Kohl's legacy

Some CDU members are also calling for an early decision on the party's candidate to challenge Mr Schroeder for the chancellorship - a timetable seen as favouring Mr Stoiber.

CDU candidate Frank Steffel
Gaffe-prone Frank Steffel was not Merkel's choice
There remains some sympathy for Ms Merkel. The Sueddeutsche Zeitung newspaper said it would be "a joke" to blame her.

"Kohl and his donations scandal were to blame for the fact that people said 'typical CDU' when notorious stories about donations in Berlin came to the fore," the newspaper said.

The conservative quandary is only benefiting Chancellor Schroeder.

So far there is no conservative person in sight who could win an election next autumn

Juergen Falter, Mainz University
"So far there is no conservative person in sight who could win an election next autumn," said Juergen Falter, head of domestic politics department at Mainz University.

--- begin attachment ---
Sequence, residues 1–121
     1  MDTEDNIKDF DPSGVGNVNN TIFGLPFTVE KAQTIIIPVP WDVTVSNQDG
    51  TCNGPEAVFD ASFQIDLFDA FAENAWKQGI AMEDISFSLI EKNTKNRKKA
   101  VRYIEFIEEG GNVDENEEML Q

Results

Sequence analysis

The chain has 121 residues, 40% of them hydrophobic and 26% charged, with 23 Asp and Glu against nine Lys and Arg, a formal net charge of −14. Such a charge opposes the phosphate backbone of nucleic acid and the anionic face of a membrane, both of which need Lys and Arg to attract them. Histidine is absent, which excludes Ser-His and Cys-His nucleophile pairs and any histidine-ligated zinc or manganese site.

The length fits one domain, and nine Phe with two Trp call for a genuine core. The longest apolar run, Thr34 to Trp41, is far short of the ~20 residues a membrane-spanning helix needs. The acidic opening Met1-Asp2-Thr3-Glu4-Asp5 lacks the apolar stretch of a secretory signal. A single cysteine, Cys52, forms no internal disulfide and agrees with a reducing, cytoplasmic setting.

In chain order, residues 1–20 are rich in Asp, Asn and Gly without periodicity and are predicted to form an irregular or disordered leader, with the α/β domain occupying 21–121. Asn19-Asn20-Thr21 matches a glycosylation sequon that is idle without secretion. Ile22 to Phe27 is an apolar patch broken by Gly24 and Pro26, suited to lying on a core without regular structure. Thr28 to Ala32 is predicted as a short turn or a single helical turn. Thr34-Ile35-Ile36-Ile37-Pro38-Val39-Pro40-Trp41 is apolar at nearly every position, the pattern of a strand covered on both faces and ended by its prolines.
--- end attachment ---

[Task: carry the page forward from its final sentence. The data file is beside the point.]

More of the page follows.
If Ms Merkel is successfully ousted, she will be guaranteed her job as party leader until next year and given the promise that she will be considered for Germany's next president if the party wins.

But whether Mr Stoiber can shift from the centre ground and still attract enough votes to bring the CDU back in from the electoral cold, only German voters can decide.

See also:

07 Jun 01 | Europe
Berlin city coalition collapses
04 May 01 | From Our Own Correspondent
Berlin: Soaked in history
02 May 01 | Europe
Schroeder gets new home
09 Nov 99 | Europe
Berlin marks the fall of the wall